Oct 27

Featured photograph: Bernice the clown

This month, in honour of Halloween, our featured photograph is of a young girl in a clown costume. This photograph is part of a photo album by a young Chinese-American in the 1910's named Frank Jue.

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UBC Library

The University of British Columbia Library is one of the largest academic libraries in Canada and consistently ranks among the top university research libraries in North America. UBC Library has 21 branches and divisions, including two campuses (Vancouver and Kelowna), three off-site hospital libraries, Robson Square Library and the Irving K. Barber Learning Centre (IKBLC), its multi-purpose teaching and learning facility.

Our collections include 6.1 million volumes, over 550,000 electronic books, over 90,000 electronic journals, over 22,000 numeric databases, 4.7 million digital pages, and over 840,000 maps, audio, DVD/video and graphic materials.

Since opening in 2008, the Irving K Barber Learning Centre has captivated students, faculty and visitors with its innovative design and service-rich environment.  The Learning Centre is dedicated to the University’s academic and community engagement missions, working to support academic excellence and cultivate a sense of community on campus through space, services, and programming, as well as creating and supporting opportunities for engagement with a diverse group of BC constituents, such as rural and aboriginal communities.

For more information about UBC Library and the Learning Centre, please visit our website or the Learning Centre website.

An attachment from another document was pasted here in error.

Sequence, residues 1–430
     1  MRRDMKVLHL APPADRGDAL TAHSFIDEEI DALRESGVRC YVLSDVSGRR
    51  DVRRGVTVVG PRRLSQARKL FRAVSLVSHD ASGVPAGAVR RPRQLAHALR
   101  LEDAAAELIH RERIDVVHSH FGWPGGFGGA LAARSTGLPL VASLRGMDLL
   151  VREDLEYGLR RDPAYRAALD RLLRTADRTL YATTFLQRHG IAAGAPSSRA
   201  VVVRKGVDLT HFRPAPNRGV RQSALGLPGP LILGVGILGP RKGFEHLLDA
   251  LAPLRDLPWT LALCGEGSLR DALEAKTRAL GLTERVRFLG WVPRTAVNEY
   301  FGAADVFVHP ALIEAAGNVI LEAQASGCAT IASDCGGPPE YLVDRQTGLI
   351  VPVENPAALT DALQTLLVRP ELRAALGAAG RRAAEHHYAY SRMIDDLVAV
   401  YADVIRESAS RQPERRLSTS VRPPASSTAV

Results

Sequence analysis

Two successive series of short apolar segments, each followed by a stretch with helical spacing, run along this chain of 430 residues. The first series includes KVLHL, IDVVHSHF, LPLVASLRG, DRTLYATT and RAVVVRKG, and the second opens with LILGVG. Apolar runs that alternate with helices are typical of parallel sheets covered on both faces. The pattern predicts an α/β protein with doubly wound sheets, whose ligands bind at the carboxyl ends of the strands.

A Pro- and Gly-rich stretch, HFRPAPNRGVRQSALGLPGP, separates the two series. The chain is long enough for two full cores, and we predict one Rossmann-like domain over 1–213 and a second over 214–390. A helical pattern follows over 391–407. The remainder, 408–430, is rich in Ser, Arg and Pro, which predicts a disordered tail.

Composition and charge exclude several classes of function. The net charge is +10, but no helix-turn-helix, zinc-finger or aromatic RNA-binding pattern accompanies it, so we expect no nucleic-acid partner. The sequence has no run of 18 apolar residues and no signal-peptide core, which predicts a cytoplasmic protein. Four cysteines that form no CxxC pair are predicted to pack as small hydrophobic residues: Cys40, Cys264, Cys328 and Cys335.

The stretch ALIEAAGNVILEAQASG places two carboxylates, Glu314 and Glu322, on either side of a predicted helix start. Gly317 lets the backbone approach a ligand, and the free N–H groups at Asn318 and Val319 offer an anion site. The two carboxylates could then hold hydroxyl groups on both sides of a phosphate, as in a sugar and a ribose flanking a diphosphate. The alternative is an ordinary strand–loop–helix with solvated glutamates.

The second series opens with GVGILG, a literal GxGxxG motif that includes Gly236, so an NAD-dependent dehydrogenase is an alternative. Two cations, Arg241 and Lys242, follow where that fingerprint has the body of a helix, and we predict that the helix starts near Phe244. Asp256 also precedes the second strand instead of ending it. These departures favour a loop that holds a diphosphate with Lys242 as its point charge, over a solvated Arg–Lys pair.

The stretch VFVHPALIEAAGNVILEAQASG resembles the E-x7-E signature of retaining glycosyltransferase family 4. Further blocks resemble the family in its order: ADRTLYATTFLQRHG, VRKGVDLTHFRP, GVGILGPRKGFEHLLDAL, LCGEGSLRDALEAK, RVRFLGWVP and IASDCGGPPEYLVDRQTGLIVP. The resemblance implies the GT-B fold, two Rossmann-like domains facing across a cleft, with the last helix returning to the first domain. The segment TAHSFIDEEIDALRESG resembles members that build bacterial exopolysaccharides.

The UBC Library Strategic Plan 2010-2015 can also be viewed online.

Overview of the Position

We are seeking a collaborative, innovative and enthusiastic librarian to provide leadership and management of the Learning Centre’s outreach and engagement initiatives to meet the vision and mandate of the IKBLC, UBC Library and the University.  In this role, the Assistant Director will be responsible for the planning, implementation, management, and assessment of community-focused programs and services offered through the Learning Centre, as well as for a number of day-today operations including management of the IKBLC Program Services team.

This position will also work closely with the Facilities Management team, Library units and campus partners to ensure the Learning Centre’s spaces are welcoming and accessible to a broad range of users including community members, and works with other campus venues to position the Learning Centre as a key gateway to the UBC Library and Vancouver campus.

This position reports to and works closely with the Director, Irving K. Barber Learning Centre, and collaborates with a broad range of user groups and colleagues at UBC as well as across British Columbia.  Additionally, the Assistant Director is a member of the Learning Centre’s management team.

A detailed job description can be viewed at here (Word doc).

Qualifications and Requirements

  • A graduate degree from an ALA accredited program in library and information science is required with at least six years of experience in developing and managing programs and services for a broad-based community of users.
  • Experience in managing staff, budgets, services and facilities are also required.
  • Excellent communication and interpersonal skills in a variety of media, and experience working with a wide range of community users are required for this position.
  • The Assistant Director will be community-focused, possess strong organizational skills and the ability to contribute to the operationalization of the Statement of Purpose and Charter of Principles for the IKBLC.
  • The Assistant Director must successfully manage a diverse set of responsibilities, and demonstrate commitment to the development of programs and services that benefit a wide and diverse community of users.